At Lode Heath, we take online safety very seriously. Each year group are taught different aspects of online safety, tailored to the age and understanding of the children and broaden in depth and scope as they ascend through the school. Topics covered include safely accessing the internet, the reliability of sites and how to assess this reliability, raising awareness of what we share online, looking at our internet behaviours, email, passwords, digital footprints and reporting procedures for unsafe content. It is our belief that, students should be knowledgeable and provided with opportunities to develop their ‘Digital Resilience‘, thus empowering them to make informed choices as digital citizens in the wider world.
Staff at Lode heath treat Child and Online Safety with the highest of importance. In addition to the learning in school, the continued learning at home (outside of the managed environment of school systems where children are exposed to a much larger world) is vital. Please find below resources to help with keeping your child safe within the context of online apps and social media. It is a priority that all individuals are treated with dignity and respect and that we promote explicitly the importance of living well together as a school and the wider community so that everyone has an opportunity to live life in all its fullness. We will regularly update the below resources and use the school synergy system to provide you with up to date and relevant advice and support.
If you are experiencing any issues or concerns online or are worried about a child or young person, you must seek help immediately. Depending on the type of issue you need support with you may need to contact different providers. Please click here to find the most direct means of reporting and accessing help.
Deciding what’s appropriate for children to see online
The online world gives us access to a huge amount of information and services, but the scale of information available also means that there is content that is inappropriate for children. What is or isn’t appropriate is up to individual parents and carers to decide, and could be based on things like age, ability, beliefs, and family values.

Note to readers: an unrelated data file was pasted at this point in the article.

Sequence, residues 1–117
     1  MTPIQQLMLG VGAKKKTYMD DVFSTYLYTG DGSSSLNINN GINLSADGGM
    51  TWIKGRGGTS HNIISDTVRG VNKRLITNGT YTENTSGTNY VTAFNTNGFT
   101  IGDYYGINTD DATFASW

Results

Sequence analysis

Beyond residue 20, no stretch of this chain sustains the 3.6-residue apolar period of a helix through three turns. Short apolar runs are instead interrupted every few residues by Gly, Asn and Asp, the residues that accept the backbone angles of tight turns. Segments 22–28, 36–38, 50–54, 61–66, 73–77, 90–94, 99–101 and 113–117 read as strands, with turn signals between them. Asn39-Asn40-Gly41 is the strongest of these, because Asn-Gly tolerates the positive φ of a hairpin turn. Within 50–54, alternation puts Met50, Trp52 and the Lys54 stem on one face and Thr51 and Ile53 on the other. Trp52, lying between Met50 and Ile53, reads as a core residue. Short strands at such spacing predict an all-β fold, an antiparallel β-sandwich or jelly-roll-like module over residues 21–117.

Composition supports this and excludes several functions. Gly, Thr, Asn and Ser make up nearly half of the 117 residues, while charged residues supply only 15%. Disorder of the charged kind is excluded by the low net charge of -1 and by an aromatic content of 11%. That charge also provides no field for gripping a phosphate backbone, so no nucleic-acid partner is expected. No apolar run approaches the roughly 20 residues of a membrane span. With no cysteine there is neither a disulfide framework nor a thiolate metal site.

What are parental controls?
Parental controls allow you to block and filter upsetting or inappropriate content. They work across your Wi-Fi, phone network, individual apps, and devices.
Parental controls can help you to:
Plan what time of day your child can go online and how long for.
Create content filters to block apps that may have inappropriate content.
Manage the content different family members can see.
Setting up parental controls on:
Home broadband and Wi-Fi
Home internet providers can offer parental controls for your family. You can:
• Use a filter from your internet provider to control the content that you and your family see. Some providers allow different settings for each user.
• Set up any device connected to your home broadband. How you do this depends on your provider and you'll need to access your home router. You can ask your internet provider for help setting this up. Remember that this only affects your child accessing the internet through the Wi-Fi – if they are using 4G or 5G etc to connect you need to check the settings on their mobile device too.
Setting up parental controls on BT: https://youtu.be/IjJ1tDhjkBo
Using Web Safe with Virgin Media: Using Web Safe with Virgin Media - YouTube
Parental Controls on EE: How do I turn on parental controls on my device? | Help | EE
Sky Broadband Shield: Sky Broadband Shield | Sky Help | Sky.com
If your broadband provider is not listed above, please see its respective section on Parental controls
For further information and advice please see Parental Controls & Privacy Settings Guides | Internet Matters
Useful Links for Parents
UK Safer Internet Centre: http://www.saferinternet.org.uk/advice-and-resources/parents-and-carers/
Family Lives (Bullying UK) Cyberbullying: http://www.bullying.co.uk/cyberbullying
Internet Watch Foundation (Reporting criminal online content): www.iwf.org.uk
General online safety issue videos: https://www.internetmatters.org/schools-esafety/parent-online-support-pack-teachers/